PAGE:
Interest rates on Italy's debt have soared to dangerously high levels, as bond yields hit 7.4 percent — the level that has driven other euro zone countries to seek bailouts. In comparison, Germany's interest rates stand at just 0.24 percent. Wednesday's news comes just a day after Prime Minister Silvio Berlusconi pledged to step down on the condition that Parliament pass an austerity budget required by the European Union. Uncertainty over whether Europe's third largest economy will be able to meet its fiscal challenges will continue to test world markets.

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The Takeaway

The Colorful and Scandalous Career of Silvio Berlusconi

Wednesday, November 09, 2011

For two decades, Silvio Berlusconi has dominated Italian politics as the longest serving national leader in Europe. But in the last 24 hours, it seems his reign may finally be coming to an end — an idea unthinkable to many Italians who thought he would be in power for life. Berlusconi pledged to resign on Tuesday on the condition Parliament passes an austerity package. From his outrageous comments to his sex scandals to repeated allegations of corruption in his government, the BBC's Rome correspondent, David Willey looks back at the remarkable and colorful career of Silvio Berlusconi.

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The Takeaway

Italy on the Brink as Berlusconi Faces Crucial Vote

Tuesday, November 08, 2011

The twin political and fiscal disasters of Greece's sovereign debt crisis have spread to Italy, Europe's third largest economy. Prime Minister Silvio Berlusconi's governing coalition has crumbled ahead of a crucial budget vote scheduled for Tuesday, and a key ally has demanded his resignation. Interest rates on Italy's debt rose to 6.47 percent, the highest since the country joined the euro. As Greece negotiates a transitional government, the fate of the euro remains in question.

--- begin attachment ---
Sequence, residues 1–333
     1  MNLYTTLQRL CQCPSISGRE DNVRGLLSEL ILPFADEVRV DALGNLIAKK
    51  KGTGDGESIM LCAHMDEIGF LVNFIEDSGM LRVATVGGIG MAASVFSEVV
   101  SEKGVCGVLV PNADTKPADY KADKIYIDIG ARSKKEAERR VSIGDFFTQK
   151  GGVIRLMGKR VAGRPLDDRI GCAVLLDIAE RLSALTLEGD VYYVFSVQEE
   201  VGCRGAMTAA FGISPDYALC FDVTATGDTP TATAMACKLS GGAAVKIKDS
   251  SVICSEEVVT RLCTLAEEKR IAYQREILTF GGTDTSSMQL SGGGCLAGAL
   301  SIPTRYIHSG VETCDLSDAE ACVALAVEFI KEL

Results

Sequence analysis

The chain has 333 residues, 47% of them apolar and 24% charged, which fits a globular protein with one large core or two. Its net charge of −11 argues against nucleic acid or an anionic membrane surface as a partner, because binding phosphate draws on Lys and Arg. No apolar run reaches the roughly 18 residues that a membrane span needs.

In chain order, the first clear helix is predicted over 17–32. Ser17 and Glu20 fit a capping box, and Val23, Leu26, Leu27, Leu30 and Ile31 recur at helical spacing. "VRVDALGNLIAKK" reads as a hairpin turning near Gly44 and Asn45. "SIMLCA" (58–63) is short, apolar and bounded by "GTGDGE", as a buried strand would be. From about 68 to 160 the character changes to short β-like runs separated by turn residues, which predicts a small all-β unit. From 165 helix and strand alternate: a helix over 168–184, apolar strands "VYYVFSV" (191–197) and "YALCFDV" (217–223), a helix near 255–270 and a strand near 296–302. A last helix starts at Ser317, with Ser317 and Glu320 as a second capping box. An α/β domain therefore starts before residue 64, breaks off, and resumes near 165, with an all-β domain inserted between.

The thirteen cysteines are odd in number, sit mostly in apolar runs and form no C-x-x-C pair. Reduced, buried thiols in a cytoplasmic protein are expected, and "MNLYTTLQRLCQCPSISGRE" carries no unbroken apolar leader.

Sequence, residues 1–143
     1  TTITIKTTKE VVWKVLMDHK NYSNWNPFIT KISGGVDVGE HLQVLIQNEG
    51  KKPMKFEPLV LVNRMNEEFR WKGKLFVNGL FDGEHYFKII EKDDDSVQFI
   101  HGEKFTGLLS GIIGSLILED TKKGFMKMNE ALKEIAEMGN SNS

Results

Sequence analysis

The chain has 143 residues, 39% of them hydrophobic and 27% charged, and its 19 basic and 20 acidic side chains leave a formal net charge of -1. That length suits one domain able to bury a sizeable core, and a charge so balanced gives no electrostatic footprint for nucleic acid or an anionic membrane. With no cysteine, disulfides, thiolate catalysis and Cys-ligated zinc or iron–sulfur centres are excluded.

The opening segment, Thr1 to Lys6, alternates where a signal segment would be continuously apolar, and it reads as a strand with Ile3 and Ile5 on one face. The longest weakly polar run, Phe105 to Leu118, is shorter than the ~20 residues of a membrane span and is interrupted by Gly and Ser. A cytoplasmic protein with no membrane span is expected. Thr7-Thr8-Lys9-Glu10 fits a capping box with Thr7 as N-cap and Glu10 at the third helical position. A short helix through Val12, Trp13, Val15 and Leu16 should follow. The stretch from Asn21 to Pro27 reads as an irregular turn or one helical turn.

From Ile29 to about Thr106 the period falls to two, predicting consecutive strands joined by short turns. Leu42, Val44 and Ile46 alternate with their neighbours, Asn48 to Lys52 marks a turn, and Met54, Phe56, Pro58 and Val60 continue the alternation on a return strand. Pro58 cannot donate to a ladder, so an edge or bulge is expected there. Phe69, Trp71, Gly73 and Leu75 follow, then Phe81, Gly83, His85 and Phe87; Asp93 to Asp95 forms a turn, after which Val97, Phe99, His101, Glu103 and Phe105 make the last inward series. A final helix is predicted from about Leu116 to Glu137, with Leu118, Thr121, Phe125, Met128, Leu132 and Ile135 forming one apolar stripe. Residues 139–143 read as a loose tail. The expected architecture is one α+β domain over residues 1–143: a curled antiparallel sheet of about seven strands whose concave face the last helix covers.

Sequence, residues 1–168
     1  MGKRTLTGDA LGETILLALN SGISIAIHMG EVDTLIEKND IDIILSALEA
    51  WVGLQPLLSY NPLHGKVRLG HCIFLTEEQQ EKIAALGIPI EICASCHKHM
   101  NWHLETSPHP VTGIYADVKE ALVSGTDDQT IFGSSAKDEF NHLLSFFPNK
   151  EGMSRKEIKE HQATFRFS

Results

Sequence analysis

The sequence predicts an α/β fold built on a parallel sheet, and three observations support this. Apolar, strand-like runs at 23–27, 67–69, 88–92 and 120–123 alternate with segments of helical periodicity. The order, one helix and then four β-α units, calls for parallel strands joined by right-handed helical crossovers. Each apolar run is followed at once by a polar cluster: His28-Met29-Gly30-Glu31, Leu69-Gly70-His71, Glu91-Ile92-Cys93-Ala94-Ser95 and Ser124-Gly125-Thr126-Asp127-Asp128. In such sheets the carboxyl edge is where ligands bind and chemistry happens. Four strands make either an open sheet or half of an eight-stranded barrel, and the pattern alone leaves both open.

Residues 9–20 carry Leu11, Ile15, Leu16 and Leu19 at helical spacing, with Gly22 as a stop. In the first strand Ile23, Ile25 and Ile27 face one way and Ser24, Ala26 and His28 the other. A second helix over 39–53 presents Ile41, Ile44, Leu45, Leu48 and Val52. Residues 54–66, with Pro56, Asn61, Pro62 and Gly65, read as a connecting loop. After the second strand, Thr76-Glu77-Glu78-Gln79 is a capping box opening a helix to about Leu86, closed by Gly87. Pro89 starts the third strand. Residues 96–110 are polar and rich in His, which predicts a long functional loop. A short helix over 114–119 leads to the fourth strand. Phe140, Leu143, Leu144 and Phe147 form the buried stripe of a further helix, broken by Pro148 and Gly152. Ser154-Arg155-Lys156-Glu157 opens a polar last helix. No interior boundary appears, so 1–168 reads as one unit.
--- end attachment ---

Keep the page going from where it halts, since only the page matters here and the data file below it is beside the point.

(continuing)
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The Takeaway

Greece Forms New Coalition Government; Italy's Berlusconi Rumored to Be Resigning

Monday, November 07, 2011

Embattled Greek Prime Minister George Papandreou will resign once plans for a new coalition government are finalized. Papandreou and his political rival, conservative leader Antonis Samaras, reached a deal on Sunday to form a unity government to implement the unpopular austerity measures required by a bailout deal reached with European leaders. The new government is expected to be led by a non-politician who will be named on Monday.

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The Takeaway

Greece's Government Teeters Over Referendum Plan

Thursday, November 03, 2011

Greece's ongoing debt crisis and governmental instability has become the focal point of this week's G-20 summit in Cannes, France. A day before a scheduled no-confidence vote in Greek Parliament that could lead to the government's collapse, two ministers have publicly split with Prime Minister George Papandreo over his plan to hold a referendum on a European bailout plan. Finance Minister Evangelos Venizelos and three other ministers are now opposing the referendum, saying Greece's membership in the euro cannot be jeopardized.

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The Takeaway

European Debt Crisis Shakes World Markets

Wednesday, November 02, 2011

Greek Prime Minister George Papandreou's surprise announcement that Greece will vote on its planned bailout has sent world markets into a tailspin. Analysts worry the planned referendum will undermine the agreement reached at meeting of European leaders in Brussels last week and bring Greece dangerously close to defaulting on its debt. In the U.S., brokerage firm MF Global filed for bankruptcy on Monday, in part due to bad bets made on European debt. Traders, however, say worries about the euro zone are primarily responsible for the volatility.

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The Takeaway

Bailout Referendum Brings Greek Government to Brink of Collapse

Wednesday, November 02, 2011